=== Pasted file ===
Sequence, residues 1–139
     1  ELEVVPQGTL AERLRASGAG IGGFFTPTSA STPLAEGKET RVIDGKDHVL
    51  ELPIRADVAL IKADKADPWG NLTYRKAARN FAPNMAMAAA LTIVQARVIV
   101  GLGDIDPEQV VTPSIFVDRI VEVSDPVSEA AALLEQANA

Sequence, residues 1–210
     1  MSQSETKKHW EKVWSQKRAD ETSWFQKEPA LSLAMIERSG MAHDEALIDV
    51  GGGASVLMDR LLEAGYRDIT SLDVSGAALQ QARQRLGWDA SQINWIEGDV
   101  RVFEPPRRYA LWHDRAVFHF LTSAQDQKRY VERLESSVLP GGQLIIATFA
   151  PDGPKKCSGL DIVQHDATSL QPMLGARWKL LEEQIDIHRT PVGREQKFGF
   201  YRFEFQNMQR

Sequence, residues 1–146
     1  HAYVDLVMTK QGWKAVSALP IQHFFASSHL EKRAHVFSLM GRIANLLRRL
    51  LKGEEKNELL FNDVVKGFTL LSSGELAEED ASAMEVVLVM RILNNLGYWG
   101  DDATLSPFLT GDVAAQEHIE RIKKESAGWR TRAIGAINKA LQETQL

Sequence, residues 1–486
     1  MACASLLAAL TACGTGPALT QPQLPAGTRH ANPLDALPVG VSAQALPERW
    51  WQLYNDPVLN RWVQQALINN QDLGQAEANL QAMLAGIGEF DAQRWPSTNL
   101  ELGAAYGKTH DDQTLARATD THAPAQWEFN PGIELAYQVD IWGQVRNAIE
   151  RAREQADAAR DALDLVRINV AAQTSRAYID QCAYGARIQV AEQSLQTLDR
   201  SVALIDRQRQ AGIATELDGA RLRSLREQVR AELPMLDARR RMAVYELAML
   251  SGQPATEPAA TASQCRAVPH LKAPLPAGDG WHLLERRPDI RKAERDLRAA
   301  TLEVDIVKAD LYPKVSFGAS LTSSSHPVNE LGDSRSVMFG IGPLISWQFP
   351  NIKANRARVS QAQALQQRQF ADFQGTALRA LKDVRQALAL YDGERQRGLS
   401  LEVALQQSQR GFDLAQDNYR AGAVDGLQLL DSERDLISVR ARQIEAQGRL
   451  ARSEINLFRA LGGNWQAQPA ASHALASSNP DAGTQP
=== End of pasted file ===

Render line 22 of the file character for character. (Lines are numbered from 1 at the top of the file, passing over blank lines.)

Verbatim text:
   301  TLEVDIVKAD LYPKVSFGAS LTSSSHPVNE LGDSRSVMFG IGPLISWQFP